It looks like a scratch from bottom staple to galactus finger.  What do you think?

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That it's a scratch. ;) Nothing can be done about color breaks, unless you want to go the restoration route.

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On 5/17/2019 at 4:27 PM, Spartcom5 said:

Thanks for the input guys. I think a 6.0 for this comic is about as good as it gets considering the condition the spine is in. 

Also, is it normal to sign before saying that the presser isn't liable for any damage that may happen? 

It’s the chance you take when you have a book pressed even by a professional. Take the loss and move on because i’m sure you’re not cutting them a check for more other then the pressing fee when they turn your 9.4’s into 9.8’s. 

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6 hours ago, topofthetotem said:

It’s the chance you take when you have a book pressed even by a professional. Take the loss and move on because i’m sure you’re not cutting them a check for more other then the pressing fee when they turn your 9.4’s into 9.8’s. 

Actually, when @joeypost turned my Giant-Size X-Men #1 from a 9.something into a 9.8, as far as I was concerned the book had jumped up into the next tier of his pricing -- 1% of Estimated Value for comics over $2,500.  So I did cut him a check for an extra $80.  It actually seemed unfair to pay him only $10 for his pressing work and hand delivery to CGC of a book of that value.

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32 minutes ago, Carlucci54 said:

Actually, when @joeypost turned my Giant-Size X-Men #1 from a 9.something into a 9.8, as far as I was concerned the book had jumped up into the next tier of his pricing -- 1% of Estimated Value for comics over $2,500.  So I did cut him a check for an extra $80.  It actually seemed unfair to pay him only $10 for his pressing work and hand delivery to CGC of a book of that value.

You sound like a stand up guy and while a very good outcome for both you and Joey is fantastic it doesn’t change the fact that your experience no matter how positive is nothing more then your experience.

I’m Positive you don’t expect Joey to cut you a cheque when a book comes back lower then anticipated, do you?  

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On 5/21/2019 at 6:07 PM, topofthetotem said:

You sound like a stand up guy and while a very good outcome for both you and Joey is fantastic it doesn’t change the fact that your experience no matter how positive is nothing more then your experience.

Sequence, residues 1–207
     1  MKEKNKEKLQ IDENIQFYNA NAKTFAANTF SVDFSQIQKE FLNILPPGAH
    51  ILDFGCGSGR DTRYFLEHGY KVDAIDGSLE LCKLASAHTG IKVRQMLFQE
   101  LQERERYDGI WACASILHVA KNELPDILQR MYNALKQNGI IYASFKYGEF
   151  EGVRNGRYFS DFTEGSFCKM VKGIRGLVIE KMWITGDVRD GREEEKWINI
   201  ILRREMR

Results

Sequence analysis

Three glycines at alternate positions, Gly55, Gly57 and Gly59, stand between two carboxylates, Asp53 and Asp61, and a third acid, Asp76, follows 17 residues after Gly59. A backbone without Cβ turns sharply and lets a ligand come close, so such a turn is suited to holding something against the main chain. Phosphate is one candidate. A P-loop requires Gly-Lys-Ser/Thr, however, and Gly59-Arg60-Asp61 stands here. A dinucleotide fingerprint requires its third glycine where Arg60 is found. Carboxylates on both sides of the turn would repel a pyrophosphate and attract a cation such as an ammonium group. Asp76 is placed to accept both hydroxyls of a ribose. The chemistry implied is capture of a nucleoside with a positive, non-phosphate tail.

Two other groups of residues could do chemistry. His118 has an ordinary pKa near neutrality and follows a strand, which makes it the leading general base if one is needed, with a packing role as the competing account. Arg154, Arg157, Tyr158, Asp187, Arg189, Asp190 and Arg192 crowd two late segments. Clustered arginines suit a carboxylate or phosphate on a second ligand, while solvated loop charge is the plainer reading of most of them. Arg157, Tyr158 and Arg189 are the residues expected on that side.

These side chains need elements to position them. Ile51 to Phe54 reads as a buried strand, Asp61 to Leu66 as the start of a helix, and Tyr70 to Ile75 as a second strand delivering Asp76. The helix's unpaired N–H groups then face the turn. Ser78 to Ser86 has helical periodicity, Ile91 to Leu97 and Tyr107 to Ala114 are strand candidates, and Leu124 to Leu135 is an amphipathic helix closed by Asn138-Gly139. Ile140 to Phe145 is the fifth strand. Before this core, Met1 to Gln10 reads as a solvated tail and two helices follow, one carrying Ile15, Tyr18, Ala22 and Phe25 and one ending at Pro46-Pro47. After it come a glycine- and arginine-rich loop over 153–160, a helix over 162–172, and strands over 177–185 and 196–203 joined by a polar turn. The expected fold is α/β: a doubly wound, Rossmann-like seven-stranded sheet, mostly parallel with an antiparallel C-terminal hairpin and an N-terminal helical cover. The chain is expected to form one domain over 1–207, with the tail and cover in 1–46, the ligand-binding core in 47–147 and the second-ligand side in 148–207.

I’m Positive you don’t expect Joey to cut you a cheque when a book comes back lower then anticipated, do you?  

You're right, I wouldn't expect a refund.  I also hadn't meant to suggest that your point wasn't spot on as far as the most reasonable approach when something like this comes up.  In fact, it is the best approach to results from pressing or grading, because it keeps you from going crazy.

I was just bringing up a very unusual situation, because it was such a great outcome -- a complete outlier which, for me, meant doing something out of the ordinary.  As much as anything, cutting that extra check was a way for me to express my appreciation for all the great work Joey has done for me.  As is telling this story, I suppose.

 

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On 5/20/2019 at 10:31 PM, RockMyAmadeus said:

Here's a good test for determining whether a printer's crease...especially for Silver, Bronze, and early Copper...existed before the press:

Take a look at the back cover, in the exact same corresponding area. I mean the EXACT same area. Do you see a "mirror image" of that crease on the back cover? If so, then it happened in production. 

Now...that does not mean that,with such creases cannot exist on one side only. They can, and do, and are quite common that way.

BUT...if you find it's "mirror twin" on the back cover, same size, same shape, same length...you can rest assured that it's a result of production.

And yes...improper pressing can introduce what look like "printer's creases" onto the cover, but here's the interesting thing: due to the anatomy of most books (at least for books that aren't disassembled), such "introduced" creases are usually vertical, rather than horizontal.

This paper is old and delicate. It cannot be forced into doing what some people try to do. Even paper will follow the path of least resistance, and you can create these creases very easily under the right conditions.

Also a good idea to have before scans of everything that is worth something to you.

I totally agree with this...I've seen (and bought) several books that have what looks like a "wiggly wrinkle" (say that quick five times) in the middle of the front cover, and they will often have a "mirror image" on the back cover.

I'm not sure what causes this particular defect, but I find it much less noticeable than (and preferable to) a prototypical production crease.

On your book, I'd say Diablo was a victim of a wiggly wrinkle! :smile: